No. 8
Memorandum by the Assistant Secretary of State for European Affairs (Perkins) to the Secretary of State1

top secret


  • Czechoslovak Steel Mill and Oatis Case


To determine the Department’s position with respect to a request of the World Commerce Corporation for authorization of a proposed purchase of the Czechoslovak steel mill.


World Commerce Corporation of New York, which has retained the legal counsel of General Donovan’s firm of attorneys, has been having discussions for some time with the Czechs looking toward the purchase for a German steel company of a Czechoslovak strip mill, which has been under a blocking order of the Treasury since January 17. We were informed on April 2 by General Donovan that Mr. Frank Ryan, President of World Commerce, had reached agreement with Czechoslovak representatives at Zurich on a proposed transaction pending approval of the US Government and issuance of the necessary Treasury license. The proposal is as follows:

The US Treasury would issue a check for $10 million to the Chase National Bank under instruction to transfer this amount to the Union Bank of Switzerland for the account of the Czechoslovak seller upon authorization by Ryan. At the same time a Düsseldorf Bank would open an irrevocable letter of credit valid for six months with the Chase International Bank in favor of World Commerce. The latter would reimburse the US Treasury as soon as drawings might be negotiated under the letter of credit. The mill would thus be sold by World Commerce to Internationale Maschinenhandel Gmb.H., Düsseldorf, in Western Germany. In the negotiations Ryan expressed the personal opinion entirely on his own initiative March 26 that the transaction could be concluded under the commercial conditions discussed only if Oatis were released within 10 days after conclusion of the agreement. On March 29 the Czechoslovak delegation stated to Ryan that the Czechoslovak Government was prepared to release Oatis provided that the proposed contract was concluded.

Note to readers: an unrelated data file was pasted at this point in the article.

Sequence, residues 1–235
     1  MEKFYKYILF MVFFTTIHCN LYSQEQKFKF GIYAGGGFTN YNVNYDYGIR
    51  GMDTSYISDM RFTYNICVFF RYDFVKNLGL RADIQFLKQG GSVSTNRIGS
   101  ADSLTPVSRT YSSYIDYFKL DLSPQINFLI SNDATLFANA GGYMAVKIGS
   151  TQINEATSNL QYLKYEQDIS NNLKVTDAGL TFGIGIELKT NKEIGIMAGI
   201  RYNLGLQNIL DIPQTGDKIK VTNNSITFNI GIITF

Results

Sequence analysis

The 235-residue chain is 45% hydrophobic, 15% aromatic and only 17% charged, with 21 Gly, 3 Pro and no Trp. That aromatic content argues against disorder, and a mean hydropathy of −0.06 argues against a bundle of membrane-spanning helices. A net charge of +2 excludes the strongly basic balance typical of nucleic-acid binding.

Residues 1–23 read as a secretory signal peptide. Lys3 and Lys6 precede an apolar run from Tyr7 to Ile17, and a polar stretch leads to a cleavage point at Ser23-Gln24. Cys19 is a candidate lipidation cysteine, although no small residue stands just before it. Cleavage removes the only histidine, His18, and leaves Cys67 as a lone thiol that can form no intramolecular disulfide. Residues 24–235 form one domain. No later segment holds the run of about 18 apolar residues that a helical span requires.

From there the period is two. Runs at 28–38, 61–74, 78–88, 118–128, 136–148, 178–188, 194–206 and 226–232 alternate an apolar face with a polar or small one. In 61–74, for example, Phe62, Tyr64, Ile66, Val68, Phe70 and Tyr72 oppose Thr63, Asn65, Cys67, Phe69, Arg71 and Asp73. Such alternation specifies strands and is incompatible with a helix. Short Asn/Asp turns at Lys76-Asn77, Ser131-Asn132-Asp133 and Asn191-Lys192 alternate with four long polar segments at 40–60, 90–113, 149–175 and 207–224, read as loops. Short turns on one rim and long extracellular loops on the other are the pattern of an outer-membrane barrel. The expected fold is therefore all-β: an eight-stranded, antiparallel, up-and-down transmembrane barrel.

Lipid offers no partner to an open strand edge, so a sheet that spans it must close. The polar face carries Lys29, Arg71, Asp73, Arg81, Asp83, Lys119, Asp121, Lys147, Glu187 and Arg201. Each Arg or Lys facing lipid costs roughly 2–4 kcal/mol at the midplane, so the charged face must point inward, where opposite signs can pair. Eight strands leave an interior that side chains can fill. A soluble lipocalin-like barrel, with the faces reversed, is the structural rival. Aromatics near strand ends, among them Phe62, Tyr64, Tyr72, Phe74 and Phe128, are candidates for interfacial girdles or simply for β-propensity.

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The disposition of the steel mill has been a problem for this Government ever since 1948. The Czechs concluded a contract with the United Engineering and Foundry Company in 1947 (before the Communist coup in Czechoslovakia) for construction and purchase of the mill, and completed payment for it, amounting to about $17 million with storage charges included, in December 1951. The Czechs endeavored in 1948 to obtain a license for its export to Czechoslovakia but this was denied by the US Government. From that time the Czechs apparently did not give up hope of obtaining the mill in some manner or other until the latter part of 1951, when they first began to make realistic efforts to sell the mill. When we learned there was a prospect of its sale and the escape of the proceeds from US jurisdiction, the specific blocking action was taken.

In the course of the discussions on the Oatis case at Prague the Czechoslovak Foreign Minister introduced the question of the steel mill and hinted at getting its release as part of the arrangements for freeing Oatis. We consistently opposed this effort, taking the position repeatedly that the disposition of the mill or its proceeds had no connection with the Oatis case. We have indicated to the Czechs both in oral discussion and by aide-mémoire2 that after a settlement of the Oatis case, including an exchange of persons and lifting of our main retaliatory measures, the US Government would be prepared to discuss with the Czechoslovak Government outstanding financial problems with a view to reaching agreement on them, including the steel mill or the proceeds from its sale and compensation for nationalized American property in Czechoslovakia.